Interactive Art

Anerkennung - Honorary Mentions

Avena+ Test Bed — Agricultural Printing and Altered Landscapes

Benedikt Groß (DE)


Avena+ Test Bed explores the relationship between landscape, agriculture and digital fabrication. With the advent of precision farming, agriculture has become fully mapped and will transform farming to a highly digital activity. In combination with other changes underway in the countryside, mainly the paradigm shift from food to biogas production and various EU subsidy schemes to promote diversity, within the next few years this will lead to disruptive changes for the (European) countryside. The project uses the idea of “agricultural printing” to explore the possibilities of digital fabrication carried over into farming. The experiment applies algorithms to partition and to create an environmentally beneficial structure in a standard biomass/energy production field. These additional areas establish or improve the connectivity between habitats for fauna and flora. This increased diversity also eases typical problems of monocultures, e.g. fewer vermin → reduced usage of pesticides. Furthermore a farmer could “rent out” the areas for several months a year as a compensatory area in the same way as the CO2 emissions trading scheme works (in the EU all new building land has to be compensated; there is already a market for these areas). Hence in the near future a farmer might not just produce oats, peas, beans and barley, but also print “environment compensations areas” into his fields. The overall aim of the project is to look into the potential of these changes (already underway), especially in terms of design opportunities. The emphasis lies in speculating about new models that would enhance current agricultural practices, and to then imagine their possible implications. Plants: 85% oats (Avena sativa), 15% eleven different flowers and herbs Dimensions: 11.5 hectares (320 m x 920 m) in Unterwaldhausen, South Germany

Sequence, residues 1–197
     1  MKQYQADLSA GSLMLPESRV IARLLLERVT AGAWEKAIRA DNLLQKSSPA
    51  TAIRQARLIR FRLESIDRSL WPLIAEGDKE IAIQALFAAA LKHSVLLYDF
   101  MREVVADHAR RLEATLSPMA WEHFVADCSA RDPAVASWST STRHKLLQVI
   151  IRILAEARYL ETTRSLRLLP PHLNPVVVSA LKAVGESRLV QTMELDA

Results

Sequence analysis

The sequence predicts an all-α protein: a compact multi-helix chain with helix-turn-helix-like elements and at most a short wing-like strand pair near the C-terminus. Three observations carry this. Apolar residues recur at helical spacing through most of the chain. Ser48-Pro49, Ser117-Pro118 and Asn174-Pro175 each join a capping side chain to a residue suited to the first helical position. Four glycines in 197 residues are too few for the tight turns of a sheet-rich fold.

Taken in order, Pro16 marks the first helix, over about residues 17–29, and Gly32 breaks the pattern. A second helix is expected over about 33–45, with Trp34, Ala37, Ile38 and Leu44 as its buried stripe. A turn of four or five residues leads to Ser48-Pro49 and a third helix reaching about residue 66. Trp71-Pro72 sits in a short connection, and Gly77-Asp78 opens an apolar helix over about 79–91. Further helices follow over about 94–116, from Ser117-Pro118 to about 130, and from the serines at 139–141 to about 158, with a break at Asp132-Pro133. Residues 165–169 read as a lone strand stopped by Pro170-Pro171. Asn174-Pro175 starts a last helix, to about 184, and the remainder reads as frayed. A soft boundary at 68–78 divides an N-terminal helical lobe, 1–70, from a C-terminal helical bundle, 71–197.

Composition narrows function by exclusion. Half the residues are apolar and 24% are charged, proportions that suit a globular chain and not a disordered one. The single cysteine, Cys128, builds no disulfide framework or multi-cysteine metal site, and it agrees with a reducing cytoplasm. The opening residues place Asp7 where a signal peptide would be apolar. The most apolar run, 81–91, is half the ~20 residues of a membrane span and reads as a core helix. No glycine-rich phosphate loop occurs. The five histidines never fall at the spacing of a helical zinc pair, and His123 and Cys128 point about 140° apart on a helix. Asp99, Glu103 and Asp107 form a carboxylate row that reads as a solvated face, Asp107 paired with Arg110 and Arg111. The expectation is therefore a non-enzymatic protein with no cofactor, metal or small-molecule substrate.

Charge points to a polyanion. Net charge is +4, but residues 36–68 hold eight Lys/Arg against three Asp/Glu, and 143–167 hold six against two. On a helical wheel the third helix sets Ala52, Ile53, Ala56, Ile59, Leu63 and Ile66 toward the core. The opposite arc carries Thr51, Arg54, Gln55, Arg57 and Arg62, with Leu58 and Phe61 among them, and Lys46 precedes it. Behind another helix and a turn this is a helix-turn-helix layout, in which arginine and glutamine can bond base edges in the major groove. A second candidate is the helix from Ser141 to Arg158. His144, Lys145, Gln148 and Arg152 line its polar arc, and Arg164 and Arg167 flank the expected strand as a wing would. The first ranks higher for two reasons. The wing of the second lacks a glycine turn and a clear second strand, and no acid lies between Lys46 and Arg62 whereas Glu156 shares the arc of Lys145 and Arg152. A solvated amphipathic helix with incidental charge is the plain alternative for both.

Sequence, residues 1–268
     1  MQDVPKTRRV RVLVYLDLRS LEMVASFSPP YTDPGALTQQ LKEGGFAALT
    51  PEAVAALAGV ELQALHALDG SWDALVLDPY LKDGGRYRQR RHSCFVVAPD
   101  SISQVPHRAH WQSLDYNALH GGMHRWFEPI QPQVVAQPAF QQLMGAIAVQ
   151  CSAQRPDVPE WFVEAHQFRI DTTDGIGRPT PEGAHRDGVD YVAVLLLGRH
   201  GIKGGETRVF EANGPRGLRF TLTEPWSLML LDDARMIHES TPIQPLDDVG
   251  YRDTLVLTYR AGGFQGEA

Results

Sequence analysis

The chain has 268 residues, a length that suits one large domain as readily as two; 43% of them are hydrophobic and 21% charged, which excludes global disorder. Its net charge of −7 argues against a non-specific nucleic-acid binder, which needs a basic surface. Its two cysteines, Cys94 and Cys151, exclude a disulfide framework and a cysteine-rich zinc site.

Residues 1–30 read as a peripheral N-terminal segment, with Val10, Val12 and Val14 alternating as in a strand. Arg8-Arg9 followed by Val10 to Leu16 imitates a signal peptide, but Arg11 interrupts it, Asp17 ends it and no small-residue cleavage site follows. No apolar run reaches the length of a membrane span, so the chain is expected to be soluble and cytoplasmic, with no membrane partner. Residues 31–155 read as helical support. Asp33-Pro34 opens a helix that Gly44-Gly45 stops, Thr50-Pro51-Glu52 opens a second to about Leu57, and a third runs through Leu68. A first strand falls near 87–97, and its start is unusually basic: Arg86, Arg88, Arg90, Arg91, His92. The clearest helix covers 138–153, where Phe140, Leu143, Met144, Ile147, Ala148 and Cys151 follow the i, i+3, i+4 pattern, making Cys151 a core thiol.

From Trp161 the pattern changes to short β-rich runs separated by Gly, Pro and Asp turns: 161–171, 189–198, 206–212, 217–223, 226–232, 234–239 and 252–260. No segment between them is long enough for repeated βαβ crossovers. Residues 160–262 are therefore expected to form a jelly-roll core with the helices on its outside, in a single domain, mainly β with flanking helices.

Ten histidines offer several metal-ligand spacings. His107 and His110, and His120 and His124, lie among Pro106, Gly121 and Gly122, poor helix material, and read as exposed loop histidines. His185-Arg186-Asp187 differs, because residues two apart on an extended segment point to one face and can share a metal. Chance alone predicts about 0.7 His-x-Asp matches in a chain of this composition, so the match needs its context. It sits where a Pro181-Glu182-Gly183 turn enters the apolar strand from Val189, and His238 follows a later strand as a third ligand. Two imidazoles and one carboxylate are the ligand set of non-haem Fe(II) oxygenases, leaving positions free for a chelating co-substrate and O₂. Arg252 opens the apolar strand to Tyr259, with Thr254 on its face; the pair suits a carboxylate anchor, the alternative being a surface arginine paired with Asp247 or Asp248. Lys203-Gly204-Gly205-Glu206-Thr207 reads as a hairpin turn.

Benedikt Groß

Benedikt Groß (DE) is a speculative and computational designer who works in an antidisciplinary way. His work deals with the fascination of relationships between people, their data, technology and environments. He is particularly interested in speculating about these relationships in the near future. He uses design as a vehicle to visualize potential implications and scenarios. Most of the time Benedikt’s working mode can be described as “thinking through making;” his preferred making material is software. In 2013 he graduated from the Design Interactions course at the Royal College of Art. He is co-author of Generative Design, in 2010 one of the best-selling German design books with translations to English (Princeton Architectural Press) and French (Design génératif, Editions Pyramid). He now lives in Stuttgart, Germany, and runs a studio working with commercial clients and self-initiated research projects on the intersection between data, computational design and speculative design. Currently he is also a visiting tutor for digital culture and data visualization at the Hochschule für Gestaltung, Schwäbisch Gmünd.

The project was made possible with the support of:

Maximilian Erbgraf zu Königsegg-Aulendorf

Hubert Geser – Administrator Hofgut Stefansreute

Lorenz Riegger – Project Engineer/AGCO

Roland Groß – Advice and Special Thanks

Stefan Riegger – Tractor Driver

LU Peter Boos – Farming Contractor

Norbert Menz – Agricultural Advice

Prof. Dr. Klaus Schmieder – Agricultural Advice

Prof. Dr. Martin Dieterich – Agricultural Advice

Florian Vögtle – Aerial Footage

Hermann Benkler – Pilot

The agricultural machinery was provided by: AGCO, Massey Ferguson, HORSCH Maschinen GmbH, Agrom Agrar- und Kommunaltechnik GmbH